Creating new perspectives since 2009

‘End of free inquiry’: Jewish scholar has job offer rescinded for criticising Israeli genocide

June 19, 2024 at 3:03 pm

University of Minnesota [AlexiusHoratius/Wikipedia]

The University of Minnesota has withdrawn a job offer to Israeli- American Jewish scholar, Raz Segal after he characterised Israel’s assault on Gaza as a “textbook case of genocide“.  Segal was set to lead the University’s Centre for Holocaust and Genocide Studies, but his offer was revoked following a campaign led by pro-Israel groups and the resignation of two board members who opposed his selection.

Speaking on Democracy Now, Segal described the hiring process as “completely legitimate”, involving a public announcement, applications, interviews and community engagement. However, after being officially offered the position on 5 June, Segal faced what he called a “hateful campaign of lies and distortions” from the Jewish Community Relations Council of Minnesota and the Dakotas (JCRC), leading to the University’s decision to rescind the offer on 10 June.

Segal believes he has been “targeted because of [his] identity as a Jew who refuses the narrowing down of Jewish identity to Zionism” and sees the JCRC-led opposition as a “crude political intervention” in the hiring process. He emphasised that the JCRC does not speak for all Jews in the Twin Cities, citing hundreds of supportive emails from local Jewish community members.

READ: UK campus crackdown: King’s College students ‘strangled’, ‘choked’

Segal warned that this “crude political intervention” and its legitimisation by the University is “extremely dangerous”, joining a broader attack on academic freedom in the wake of Israel’s military onslaught on Gaza. “It spells the end of this idea of free inquiry, of academic freedom, of research and teaching — and all in the service, of course, of supporting an extremely violent state,” Segal stated.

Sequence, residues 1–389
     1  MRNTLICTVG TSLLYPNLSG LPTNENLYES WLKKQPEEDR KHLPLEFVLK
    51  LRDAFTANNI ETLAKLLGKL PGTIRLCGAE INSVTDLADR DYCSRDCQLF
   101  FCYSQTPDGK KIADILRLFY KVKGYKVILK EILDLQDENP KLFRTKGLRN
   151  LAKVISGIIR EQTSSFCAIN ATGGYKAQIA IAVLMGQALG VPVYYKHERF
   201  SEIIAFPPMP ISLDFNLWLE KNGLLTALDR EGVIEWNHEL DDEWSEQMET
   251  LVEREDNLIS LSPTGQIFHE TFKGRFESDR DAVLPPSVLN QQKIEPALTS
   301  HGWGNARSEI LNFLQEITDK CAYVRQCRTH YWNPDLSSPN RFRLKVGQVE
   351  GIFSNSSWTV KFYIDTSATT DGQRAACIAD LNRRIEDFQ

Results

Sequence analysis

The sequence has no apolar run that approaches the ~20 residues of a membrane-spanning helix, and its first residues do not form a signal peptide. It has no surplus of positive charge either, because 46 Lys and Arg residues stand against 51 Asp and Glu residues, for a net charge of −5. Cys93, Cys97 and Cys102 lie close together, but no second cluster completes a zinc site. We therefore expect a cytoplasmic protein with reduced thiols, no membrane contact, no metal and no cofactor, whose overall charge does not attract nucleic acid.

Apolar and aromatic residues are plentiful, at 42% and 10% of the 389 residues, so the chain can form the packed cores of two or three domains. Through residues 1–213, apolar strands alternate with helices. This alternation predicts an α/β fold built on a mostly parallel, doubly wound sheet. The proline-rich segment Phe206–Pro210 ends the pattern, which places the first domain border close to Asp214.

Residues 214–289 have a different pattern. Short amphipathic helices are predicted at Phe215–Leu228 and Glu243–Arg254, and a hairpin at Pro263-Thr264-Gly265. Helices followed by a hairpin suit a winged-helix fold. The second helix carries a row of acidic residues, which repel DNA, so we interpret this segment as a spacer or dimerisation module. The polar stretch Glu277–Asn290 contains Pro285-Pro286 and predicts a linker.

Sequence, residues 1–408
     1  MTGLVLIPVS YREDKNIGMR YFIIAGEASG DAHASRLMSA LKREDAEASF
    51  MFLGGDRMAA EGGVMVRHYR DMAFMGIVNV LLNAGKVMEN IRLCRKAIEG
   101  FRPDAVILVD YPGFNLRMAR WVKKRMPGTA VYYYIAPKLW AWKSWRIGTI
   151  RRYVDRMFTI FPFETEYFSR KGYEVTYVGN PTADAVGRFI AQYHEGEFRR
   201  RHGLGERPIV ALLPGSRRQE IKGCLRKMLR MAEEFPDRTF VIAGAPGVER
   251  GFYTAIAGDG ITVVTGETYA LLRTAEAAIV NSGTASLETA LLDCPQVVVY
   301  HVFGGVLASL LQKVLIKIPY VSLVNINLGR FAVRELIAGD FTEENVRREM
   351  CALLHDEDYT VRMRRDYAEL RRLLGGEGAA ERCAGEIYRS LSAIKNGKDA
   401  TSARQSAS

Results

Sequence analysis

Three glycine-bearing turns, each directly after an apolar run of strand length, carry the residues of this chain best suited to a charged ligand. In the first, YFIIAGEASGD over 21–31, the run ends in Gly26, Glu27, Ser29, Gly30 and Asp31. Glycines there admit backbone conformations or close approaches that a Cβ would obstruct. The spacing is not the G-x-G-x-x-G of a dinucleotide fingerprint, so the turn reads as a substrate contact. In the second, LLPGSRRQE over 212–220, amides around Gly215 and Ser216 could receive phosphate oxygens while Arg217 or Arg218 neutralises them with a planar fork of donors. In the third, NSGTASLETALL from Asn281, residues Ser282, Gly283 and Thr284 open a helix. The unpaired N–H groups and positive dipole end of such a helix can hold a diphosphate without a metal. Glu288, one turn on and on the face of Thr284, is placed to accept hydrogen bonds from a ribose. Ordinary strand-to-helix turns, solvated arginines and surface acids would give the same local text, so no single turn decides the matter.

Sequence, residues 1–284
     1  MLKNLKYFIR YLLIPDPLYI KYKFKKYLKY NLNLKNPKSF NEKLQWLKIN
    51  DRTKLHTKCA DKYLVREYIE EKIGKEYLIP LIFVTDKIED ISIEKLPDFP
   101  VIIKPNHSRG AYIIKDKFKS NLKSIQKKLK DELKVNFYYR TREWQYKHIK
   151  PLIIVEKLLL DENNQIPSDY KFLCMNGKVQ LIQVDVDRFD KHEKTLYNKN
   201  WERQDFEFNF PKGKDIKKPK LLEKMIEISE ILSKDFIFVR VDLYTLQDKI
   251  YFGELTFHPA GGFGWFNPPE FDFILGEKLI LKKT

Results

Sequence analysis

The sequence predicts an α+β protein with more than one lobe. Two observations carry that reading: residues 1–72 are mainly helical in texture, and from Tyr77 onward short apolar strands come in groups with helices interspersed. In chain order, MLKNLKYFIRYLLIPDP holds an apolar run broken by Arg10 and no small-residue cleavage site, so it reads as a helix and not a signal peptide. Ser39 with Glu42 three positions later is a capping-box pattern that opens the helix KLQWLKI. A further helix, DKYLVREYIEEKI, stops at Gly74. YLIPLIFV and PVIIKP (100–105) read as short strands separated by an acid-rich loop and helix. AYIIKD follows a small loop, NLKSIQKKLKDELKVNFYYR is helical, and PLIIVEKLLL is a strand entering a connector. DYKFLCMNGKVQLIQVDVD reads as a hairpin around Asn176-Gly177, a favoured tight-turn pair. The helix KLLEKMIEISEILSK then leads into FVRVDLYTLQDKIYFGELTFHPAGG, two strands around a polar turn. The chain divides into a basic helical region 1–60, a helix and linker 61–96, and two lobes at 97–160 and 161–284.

Segal’s case highlights the growing suppression of dissent against Israeli policies in American universities, with clampdowns on student protests, mass arrests and university presidents being pressured to equate opposition to Zionism with anti-Semitism. He argues that this trend threatens the very idea of a liberal university and the foundational Western values of free inquiry and academic freedom.

Segal’s description of Israel’s military operation in Gaza as a genocide has drawn support from dozens of Holocaust and genocide studies scholars, amid an international outcry over the actions of the apartheid state. Segal pointed to the case against Israel in the International Court of Justice where it is under investigation for genocide and the International Criminal Court’s request for arrest warrants against Israeli leaders on charges of war crimes and crimes against humanity.

As students and faculty across the University of Minnesota express outrage at the decision to rescind Segal’s offer, the case raises alarming questions about the state of academic freedom and the ability of universities to withstand political pressure from pro-Israel groups when it comes to critical discussions of Israel’s decades of illegal Occupation of Palestine.